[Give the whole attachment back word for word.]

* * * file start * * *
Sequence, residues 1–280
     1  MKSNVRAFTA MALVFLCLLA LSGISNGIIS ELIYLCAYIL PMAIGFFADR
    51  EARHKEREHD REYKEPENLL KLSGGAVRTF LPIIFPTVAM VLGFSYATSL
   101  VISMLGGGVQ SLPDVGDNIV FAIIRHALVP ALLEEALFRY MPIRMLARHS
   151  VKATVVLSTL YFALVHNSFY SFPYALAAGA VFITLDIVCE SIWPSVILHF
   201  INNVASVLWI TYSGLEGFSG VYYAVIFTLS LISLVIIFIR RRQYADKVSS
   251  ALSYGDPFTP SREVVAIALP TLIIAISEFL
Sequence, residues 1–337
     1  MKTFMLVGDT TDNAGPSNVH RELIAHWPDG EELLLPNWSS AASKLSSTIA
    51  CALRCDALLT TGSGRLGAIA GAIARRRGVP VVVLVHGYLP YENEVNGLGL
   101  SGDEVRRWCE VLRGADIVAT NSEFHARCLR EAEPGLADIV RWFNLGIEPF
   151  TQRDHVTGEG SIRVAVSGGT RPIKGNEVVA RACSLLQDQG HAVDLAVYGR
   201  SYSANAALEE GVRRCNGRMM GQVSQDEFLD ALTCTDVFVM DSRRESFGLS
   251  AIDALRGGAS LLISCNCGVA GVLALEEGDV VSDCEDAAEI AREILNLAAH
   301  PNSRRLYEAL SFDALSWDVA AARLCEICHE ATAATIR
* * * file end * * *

Sequence, residues 1–280
     1  MKSNVRAFTA MALVFLCLLA LSGISNGIIS ELIYLCAYIL PMAIGFFADR
    51  EARHKEREHD REYKEPENLL KLSGGAVRTF LPIIFPTVAM VLGFSYATSL
   101  VISMLGGGVQ SLPDVGDNIV FAIIRHALVP ALLEEALFRY MPIRMLARHS
   151  VKATVVLSTL YFALVHNSFY SFPYALAAGA VFITLDIVCE SIWPSVILHF
   201  INNVASVLWI TYSGLEGFSG VYYAVIFTLS LISLVIIFIR RRQYADKVSS
   251  ALSYGDPFTP SREVVAIALP TLIIAISEFL
Sequence, residues 1–337
     1  MKTFMLVGDT TDNAGPSNVH RELIAHWPDG EELLLPNWSS AASKLSSTIA
    51  CALRCDALLT TGSGRLGAIA GAIARRRGVP VVVLVHGYLP YENEVNGLGL
   101  SGDEVRRWCE VLRGADIVAT NSEFHARCLR EAEPGLADIV RWFNLGIEPF
   151  TQRDHVTGEG SIRVAVSGGT RPIKGNEVVA RACSLLQDQG HAVDLAVYGR
   201  SYSANAALEE GVRRCNGRMM GQVSQDEFLD ALTCTDVFVM DSRRESFGLS
   251  AIDALRGGAS LLISCNCGVA GVLALEEGDV VSDCEDAAEI AREILNLAAH
   301  PNSRRLYEAL SFDALSWDVA AARLCEICHE ATAATIR